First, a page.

It is hard to exaggerate the scale of the disaster the British people have inflicted upon themselves with their decision to leave the European Union, taken in the referendum last June. More than three and a half months since the vote, some of this damage is difficult to quantify, including loss of influence with the US, Europe, and the wider world, the flourishing of insular nationalism, especially in England, and growing hostility toward immigrants—a tendency that had been already visible during the referendum campaign and was disgracefully exploited by the Leave campaigners. But in recent weeks, there have also been stark indications of a kind of damage that is readily quantifiable and severe: the damage that Brexit has and will continue to inflict on the UK economy—an economy that, after decades of mismanagement, is overwhelmingly dependent on foreign enterprise and foreign capital.
At the beginning of September the Japanese Government sent a blunt “message to the United Kingdom and the European Union” warning that, without Britain’s present trading relationship with the EU and the full access to European markets it guarantees, Japanese financial institutions “might have to…relocate their operations from the UK to existing establishments in the EU.” The UK’s other leading trading partners have been issuing similar warnings. On September 6, Eric Schweitzer, head of the German Chambers of Commerce and Industry, warned that amid the current Brexit “deadlock”—the uncertainty about how Britain’s arrangements with Europe will play out—many investments in the UK are now “held up and will not be carried out.” At the G20 summit in Hangzhou in early September, Barack Obama himself acknowledged the risk that Brexit could “unravel” American business investment in the UK.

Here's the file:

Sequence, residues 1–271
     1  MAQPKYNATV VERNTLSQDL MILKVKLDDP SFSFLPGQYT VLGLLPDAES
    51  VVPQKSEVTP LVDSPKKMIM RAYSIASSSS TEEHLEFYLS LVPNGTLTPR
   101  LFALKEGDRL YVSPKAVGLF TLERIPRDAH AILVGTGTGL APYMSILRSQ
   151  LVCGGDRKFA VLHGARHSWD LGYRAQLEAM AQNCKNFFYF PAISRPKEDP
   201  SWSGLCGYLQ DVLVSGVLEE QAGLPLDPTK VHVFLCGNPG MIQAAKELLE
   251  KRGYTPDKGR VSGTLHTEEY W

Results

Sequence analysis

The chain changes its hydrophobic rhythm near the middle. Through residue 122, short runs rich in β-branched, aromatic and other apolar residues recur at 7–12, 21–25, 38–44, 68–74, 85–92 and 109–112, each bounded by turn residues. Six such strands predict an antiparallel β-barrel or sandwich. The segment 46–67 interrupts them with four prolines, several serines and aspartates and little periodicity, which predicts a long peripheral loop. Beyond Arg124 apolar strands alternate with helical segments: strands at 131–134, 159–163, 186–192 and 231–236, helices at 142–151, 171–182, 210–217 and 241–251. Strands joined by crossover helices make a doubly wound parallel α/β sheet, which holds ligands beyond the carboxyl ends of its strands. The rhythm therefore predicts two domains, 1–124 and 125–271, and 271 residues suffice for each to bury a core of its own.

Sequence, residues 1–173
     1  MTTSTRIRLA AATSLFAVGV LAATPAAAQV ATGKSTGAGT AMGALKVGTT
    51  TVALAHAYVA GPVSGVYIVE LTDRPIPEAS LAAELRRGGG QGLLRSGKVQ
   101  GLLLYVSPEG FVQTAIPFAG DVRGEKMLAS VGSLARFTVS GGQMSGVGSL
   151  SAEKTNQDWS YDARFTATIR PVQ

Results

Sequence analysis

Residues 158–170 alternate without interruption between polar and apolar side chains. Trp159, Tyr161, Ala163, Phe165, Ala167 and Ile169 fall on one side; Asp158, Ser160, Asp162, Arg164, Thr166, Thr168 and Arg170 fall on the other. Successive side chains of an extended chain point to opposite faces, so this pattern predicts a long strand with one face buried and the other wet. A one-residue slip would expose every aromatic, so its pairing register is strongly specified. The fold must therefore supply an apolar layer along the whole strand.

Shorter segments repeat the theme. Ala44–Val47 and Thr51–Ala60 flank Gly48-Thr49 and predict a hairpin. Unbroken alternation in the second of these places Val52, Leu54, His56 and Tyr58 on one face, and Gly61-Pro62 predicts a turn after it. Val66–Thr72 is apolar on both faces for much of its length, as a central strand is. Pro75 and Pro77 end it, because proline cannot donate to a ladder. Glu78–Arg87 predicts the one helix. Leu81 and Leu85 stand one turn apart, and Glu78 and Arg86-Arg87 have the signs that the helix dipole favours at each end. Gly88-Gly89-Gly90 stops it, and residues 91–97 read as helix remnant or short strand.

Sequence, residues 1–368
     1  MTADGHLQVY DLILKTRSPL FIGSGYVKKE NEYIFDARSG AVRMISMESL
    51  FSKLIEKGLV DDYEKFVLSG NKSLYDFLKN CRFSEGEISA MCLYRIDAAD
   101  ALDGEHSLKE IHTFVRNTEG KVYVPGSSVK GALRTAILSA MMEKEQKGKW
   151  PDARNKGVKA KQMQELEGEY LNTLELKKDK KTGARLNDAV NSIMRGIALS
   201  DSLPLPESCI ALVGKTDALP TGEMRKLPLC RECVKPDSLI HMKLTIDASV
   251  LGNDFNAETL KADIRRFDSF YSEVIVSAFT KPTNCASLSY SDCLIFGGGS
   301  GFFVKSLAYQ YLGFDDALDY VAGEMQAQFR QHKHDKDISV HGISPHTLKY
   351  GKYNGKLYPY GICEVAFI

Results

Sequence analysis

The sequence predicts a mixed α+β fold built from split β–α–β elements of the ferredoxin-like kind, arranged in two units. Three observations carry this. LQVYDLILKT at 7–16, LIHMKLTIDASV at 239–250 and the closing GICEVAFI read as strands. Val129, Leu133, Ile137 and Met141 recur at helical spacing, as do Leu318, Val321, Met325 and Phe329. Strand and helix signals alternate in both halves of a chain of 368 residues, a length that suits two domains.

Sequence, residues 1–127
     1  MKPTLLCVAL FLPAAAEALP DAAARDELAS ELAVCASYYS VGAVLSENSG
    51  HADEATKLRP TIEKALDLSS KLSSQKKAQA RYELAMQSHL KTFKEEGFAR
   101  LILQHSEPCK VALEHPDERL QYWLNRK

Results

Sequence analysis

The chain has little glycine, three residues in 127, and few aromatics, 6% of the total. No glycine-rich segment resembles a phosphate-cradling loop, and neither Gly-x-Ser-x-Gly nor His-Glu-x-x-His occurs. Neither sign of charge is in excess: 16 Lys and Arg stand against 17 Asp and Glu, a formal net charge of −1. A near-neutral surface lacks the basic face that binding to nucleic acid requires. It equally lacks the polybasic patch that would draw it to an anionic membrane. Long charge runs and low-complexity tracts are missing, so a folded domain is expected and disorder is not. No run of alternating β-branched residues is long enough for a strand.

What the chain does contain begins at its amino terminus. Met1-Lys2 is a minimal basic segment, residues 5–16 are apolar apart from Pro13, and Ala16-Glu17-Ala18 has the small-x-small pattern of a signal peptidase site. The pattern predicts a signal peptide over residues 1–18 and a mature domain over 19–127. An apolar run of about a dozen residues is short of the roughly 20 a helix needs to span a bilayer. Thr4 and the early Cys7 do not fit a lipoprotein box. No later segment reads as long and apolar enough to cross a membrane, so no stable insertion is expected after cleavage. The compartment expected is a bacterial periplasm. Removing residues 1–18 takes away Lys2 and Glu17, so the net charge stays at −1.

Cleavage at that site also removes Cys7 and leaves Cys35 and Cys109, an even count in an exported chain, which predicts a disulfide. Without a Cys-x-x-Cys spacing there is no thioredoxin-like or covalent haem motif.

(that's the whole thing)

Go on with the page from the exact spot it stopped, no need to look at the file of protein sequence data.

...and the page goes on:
Especially ominous for Britain are the warnings coming from the US and European investment banks which now dominate the City of London, which in turn dominates the UK service economy. On September 21, Daniel Pinto, chief executive of JPMorgan Chase’s corporate and investment bank, told the Financial Times, “It’s hard to see how we can serve all of our European clients, and the European economy, without access to the single market.” And other “senior executives and advisers” in the City of London cited by the FT now estimate that 20 percent of all investment banking and capital markets revenue generated in London—worth some £9 billion ($10.9 billion)—could be “disrupted” if these companies lose their free access to the EU single market in financial services. In a September report, the London consultants Oliver Wyman have estimated that the kind of “hard” exit from the EU toward which the UK Government is now moving could cost the UK service economy up to 75,000 jobs, £38 billion ($48.34 billion) in lost annual revenues, and £10 billion ($12.2 billion) in lost taxes.
The supporters of Brexit should have seen this coming. A large-scale flight of foreign capital from Britain in both manufacturing and services would be a mortal blow to UK economy. In 2015, for example, roughly half of all Japanese investment in the EU was in the UK, with a thousand Japanese groups using the UK “as an effective springboard into Europe,” in the words of the Financial Times, and with Nissan, Toyota, and Honda’s UK assembly plants making up the core of the UK-based auto industry. Now, Kenichi Ohmae, who as head of McKinsey’s Tokyo office in the early 1980s advised Nissan to set up its main European plant in the UK, is already advising his Japanese clients to keep clear of the country: “If you have to make an investment beforehand, then you have to invest in continental Europe. This is no longer a country-by-country decision, it is one country versus the whole EU.”